Wouldn't It Be Funny To see Her Run
by Carol Bast

The world changed when I was seven years old. This is when I began treatment for Leg Perthes disease. I started to wear a halter device that removed from me the weight bearing function of one leg. I used a pair of crutches to get around. A few years later I switched to using a leg brace. Except for a couple of weeks when a kid who used a wheelchair was in my class, I was the only person with a disability in my school, on my street, in the city. The other student left one day and never returned. Even now I think he was a very smart person. He got out before they could get to him.

I learned to stay in my corner. I learned to watch. I learned to accept cruelty as the school yard norm.

I look back on my early educational experience and wonder just what did I learn? My memories come back to me as small vignettes of experiences. They are difficult to sort through, to figure out how they affected me. What was I really learning at school?

You're faking it

The majority of my peers were quite convinced that I did not need crutches, that there was nothing wrong with me and that I just wanted attention. They reminded me of this on a daily basis, as often as possible, mostly with sneers and ridicule. I was quite confused. Who is right here?

Them, or my orthopedic surgeon? The surgeon convinced me that I really did have a disease and that the extra apparel, which the recess crowd found so offensive, was necessary for healing.

I learned to stay in my corner. I learned to watch. I learned to accept cruelty as the school yard norm. I also learned that there were exceptions to the norm. Today I wonder what made those three children, my chums, so exceptional. Why was their behavior different? Was it the kind of parenting they received or their own individuality that allowed us to be friends? Why weren't they afraid of me? I also wonder where was the school yard monitor?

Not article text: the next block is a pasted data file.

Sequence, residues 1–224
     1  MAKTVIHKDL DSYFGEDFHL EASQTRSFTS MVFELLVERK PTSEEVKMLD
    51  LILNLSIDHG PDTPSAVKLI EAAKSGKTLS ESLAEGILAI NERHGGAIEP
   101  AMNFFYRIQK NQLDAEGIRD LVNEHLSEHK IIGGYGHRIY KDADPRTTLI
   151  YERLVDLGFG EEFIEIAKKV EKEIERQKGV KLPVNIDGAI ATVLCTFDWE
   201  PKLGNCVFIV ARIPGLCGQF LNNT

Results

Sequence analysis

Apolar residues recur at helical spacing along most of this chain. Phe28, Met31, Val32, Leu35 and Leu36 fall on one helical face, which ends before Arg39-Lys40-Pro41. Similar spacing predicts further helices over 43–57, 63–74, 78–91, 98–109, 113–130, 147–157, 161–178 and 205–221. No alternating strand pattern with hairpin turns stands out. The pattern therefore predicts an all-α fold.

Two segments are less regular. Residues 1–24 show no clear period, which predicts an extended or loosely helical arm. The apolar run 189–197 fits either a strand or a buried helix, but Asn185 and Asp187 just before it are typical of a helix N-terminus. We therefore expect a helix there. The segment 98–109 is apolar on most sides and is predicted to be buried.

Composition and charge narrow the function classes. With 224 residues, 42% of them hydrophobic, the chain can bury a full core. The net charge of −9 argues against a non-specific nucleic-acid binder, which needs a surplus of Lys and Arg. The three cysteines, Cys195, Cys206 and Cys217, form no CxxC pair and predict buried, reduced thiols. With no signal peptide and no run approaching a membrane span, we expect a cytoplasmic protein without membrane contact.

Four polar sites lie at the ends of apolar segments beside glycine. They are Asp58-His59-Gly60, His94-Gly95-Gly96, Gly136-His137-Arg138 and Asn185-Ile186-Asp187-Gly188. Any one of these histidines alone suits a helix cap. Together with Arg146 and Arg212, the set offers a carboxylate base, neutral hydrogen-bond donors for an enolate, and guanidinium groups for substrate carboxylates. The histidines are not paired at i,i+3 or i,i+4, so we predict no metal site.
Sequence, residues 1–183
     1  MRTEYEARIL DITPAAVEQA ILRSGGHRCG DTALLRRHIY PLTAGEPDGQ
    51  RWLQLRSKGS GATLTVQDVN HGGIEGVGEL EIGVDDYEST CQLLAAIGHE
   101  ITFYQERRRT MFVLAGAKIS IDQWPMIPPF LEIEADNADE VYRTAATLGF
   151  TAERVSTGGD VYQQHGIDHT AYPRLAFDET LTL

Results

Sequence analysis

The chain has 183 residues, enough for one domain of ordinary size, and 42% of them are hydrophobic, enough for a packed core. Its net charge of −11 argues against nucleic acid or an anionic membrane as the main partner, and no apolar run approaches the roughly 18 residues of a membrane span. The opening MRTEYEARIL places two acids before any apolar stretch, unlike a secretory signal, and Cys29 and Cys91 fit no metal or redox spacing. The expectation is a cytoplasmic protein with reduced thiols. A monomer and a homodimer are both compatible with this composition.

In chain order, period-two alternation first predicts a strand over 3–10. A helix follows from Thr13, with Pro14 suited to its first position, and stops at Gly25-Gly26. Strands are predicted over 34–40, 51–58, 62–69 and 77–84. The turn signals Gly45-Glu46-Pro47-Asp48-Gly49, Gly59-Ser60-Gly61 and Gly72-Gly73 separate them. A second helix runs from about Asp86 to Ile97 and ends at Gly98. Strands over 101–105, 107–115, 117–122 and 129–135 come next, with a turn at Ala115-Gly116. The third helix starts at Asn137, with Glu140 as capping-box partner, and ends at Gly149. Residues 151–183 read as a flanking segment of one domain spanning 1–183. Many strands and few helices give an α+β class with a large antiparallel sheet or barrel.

If they understood what they were doing they wouldn't treat me this way

I found myself repeating this phrase over and over in my head, wherever I went, whatever I was doing. By the time I was nine years old it had developed into my defense mechanism. It would be there in my mind when someone demonstrated ballistic behavior. It was my mantra. It allowed me to be and function in hostile environments: at school, walking down the street, at church... Today I am really quite impressed with myself for adopting this survivalist tactic in response to un accepting societal norms. I suspect that it also allowed me to suppress my anger at unjust behavior. Today I hope that children know that they have the right to speak and the right to challenge abusive and exclusionary behavior.

Ne serait-il pas drôle de la voir courir?
par Carol Bast

J'ai commencé à porter des attelles jambières à sept ans car j'étais atteinte de la maladie de Perthes. La plupart des enfants de mon école étaient convaincus que je n'avais rien et que je voulais simplement me faire remarquer. J'appris à rester dans mon coin. J'appris à observer. J'appris à accepter la cruauté, qui était la norme dans la cour de récréation.

Je me disais que s'ils savaient ce qu'ils faisaient, ils ne me traiteraient pas comme ça. Aujourd'hui, j'espère que les enfants savent qu'ils ont le droit de s'élever contre tout comportement méchant ou limitatif.

La phrase «Ne serait-il pas drôle de la voir courir» a été publiée sous ma photo dans un livre de l'année de l'école. Je n'ai pas gardé d'exemplaire de ce livre, et je1eregrette, car celui-ci me rappellerait aujourd'hui le courage qu'il me fallait pour aller à l'école.

Je détiens aujourd'hui un baccalauréat et une maîtrise eh sciences, mais ce fut grâce à la compassion et au dévouement de mes physiothérapeutes que j'ai apprise plus diffici1e, c'est-à-dire à mieux marcher. Selon moi, un bon professeur doit avoir le sentiment profond de son Moi, être en mesure de reconnaître les différences existant entre elle ou lui et les autres et comprendre que tout le monde a des droits égaux.

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